I did not take my first commercial flight until I was in my 50's. It was very exciting. Successive flights increasingly became a pain, mostly for things having nothing to do with the plane but for the hassles in boarding. In the old days, you could pull up with 15 minutes to spare, and nobody at all wanted to strip-search you.
Sometimes, witnessing helps pass the time. I don't always do it but sometimes I do. Like one flight where I laid the contact card down on the armrest midflight and said to the man traveling next to me: "Everyone has a cause, and this is mine. We don't have to talk about it. We don’t have to talk about anything. On the other hand, there is time to kill, we will never meet again, and if you want to, okay."
It was a while before he said anything, and I began to figure that he would not. However, he presently opened up on the purpose of his trip and on his background. He was a microbiologist at some university in Iowa. He said he liked the power of faith, but of course, he was a scientist. We exchanged some boiler-plate remarks, and somewhere along the line, just so that he would know that he wasn’t talking to some donkey, I mentioned telemeres. He took up the topic but pronounced the word differently. "You mean I've been making a donkey of myself all these years, saying it wrong?" was my response.
It was just idle conversation that ensued, not particularly going anywhere. Then, out of the blue he brings up that his trip has another purpose. He is traveling to get his daughter out of her latest jam. He doesn't know what happened to her. He did his best to bring her up right, but she takes up with one lowlife scoundrel after another and has made a hopeless hash of her life.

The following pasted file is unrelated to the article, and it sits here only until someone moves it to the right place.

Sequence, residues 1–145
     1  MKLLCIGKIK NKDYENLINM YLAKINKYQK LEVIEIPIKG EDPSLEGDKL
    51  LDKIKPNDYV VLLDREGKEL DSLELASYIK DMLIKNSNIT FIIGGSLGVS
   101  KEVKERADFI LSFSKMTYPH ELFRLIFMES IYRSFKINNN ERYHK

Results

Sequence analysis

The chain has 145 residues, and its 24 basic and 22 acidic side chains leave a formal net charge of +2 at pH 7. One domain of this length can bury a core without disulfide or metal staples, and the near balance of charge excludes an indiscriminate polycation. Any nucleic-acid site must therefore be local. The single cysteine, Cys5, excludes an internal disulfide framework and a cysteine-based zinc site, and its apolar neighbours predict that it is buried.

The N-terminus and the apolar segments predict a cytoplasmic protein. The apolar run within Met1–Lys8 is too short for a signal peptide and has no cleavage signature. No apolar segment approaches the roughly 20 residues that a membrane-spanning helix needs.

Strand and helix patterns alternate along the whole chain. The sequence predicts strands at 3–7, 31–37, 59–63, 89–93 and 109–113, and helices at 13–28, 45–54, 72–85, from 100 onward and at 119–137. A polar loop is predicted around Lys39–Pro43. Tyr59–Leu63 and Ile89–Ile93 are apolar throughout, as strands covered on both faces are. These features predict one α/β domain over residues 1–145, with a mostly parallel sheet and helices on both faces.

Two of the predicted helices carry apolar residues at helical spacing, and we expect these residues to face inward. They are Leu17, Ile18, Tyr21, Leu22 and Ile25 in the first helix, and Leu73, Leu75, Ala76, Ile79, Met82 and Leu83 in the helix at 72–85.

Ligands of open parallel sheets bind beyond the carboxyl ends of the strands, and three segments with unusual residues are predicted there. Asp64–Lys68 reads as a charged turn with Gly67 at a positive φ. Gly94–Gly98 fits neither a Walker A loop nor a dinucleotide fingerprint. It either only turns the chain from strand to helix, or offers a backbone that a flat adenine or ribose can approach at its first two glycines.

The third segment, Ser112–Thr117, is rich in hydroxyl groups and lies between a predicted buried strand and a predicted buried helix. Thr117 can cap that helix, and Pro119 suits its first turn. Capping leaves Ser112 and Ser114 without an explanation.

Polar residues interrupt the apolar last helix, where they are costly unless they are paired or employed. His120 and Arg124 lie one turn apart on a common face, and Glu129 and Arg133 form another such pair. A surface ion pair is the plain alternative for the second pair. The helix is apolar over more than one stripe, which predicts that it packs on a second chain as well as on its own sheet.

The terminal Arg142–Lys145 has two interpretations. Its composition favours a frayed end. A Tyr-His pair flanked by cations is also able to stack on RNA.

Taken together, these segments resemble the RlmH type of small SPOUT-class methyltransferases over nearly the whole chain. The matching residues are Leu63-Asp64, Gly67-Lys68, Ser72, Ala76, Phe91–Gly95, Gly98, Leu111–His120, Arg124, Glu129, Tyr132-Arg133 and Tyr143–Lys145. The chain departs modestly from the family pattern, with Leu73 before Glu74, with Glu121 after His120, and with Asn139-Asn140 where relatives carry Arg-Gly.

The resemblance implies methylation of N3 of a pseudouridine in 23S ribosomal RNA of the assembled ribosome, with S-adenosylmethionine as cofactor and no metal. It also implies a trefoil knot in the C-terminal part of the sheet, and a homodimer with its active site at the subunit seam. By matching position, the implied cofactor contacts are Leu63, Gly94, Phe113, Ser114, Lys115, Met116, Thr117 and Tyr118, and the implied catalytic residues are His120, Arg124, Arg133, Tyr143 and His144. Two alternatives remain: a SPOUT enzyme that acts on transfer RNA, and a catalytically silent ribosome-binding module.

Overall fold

I didn't say: "Too bad she is not a Jehovah's Witness. Then all of her troubles would be over." I mostly just listened and asked a few questions to draw him out. Who doesn't like to be reminded what can happen to kids in the absence of Bible principles and sometimes even with Bible principles? But he didn’t know me from a bag of beans, and yet he turns to me as though I was Father Confessor. It was likely because he had NO spiritual component to his life, and when he at last came across one, the dam burst.
The time flew with the plane and we landed in no time at all. I'll never see him again, most likely. But you never know. Perhaps he will be like the man who accepted a few magazines, but eventually told me he would do so no more because his wife was allergic to newsprint. 'Look, just tell me if you don't like them,' I said to myself. 'What a stupid excuse!' Years later I met them at a convention, both baptized.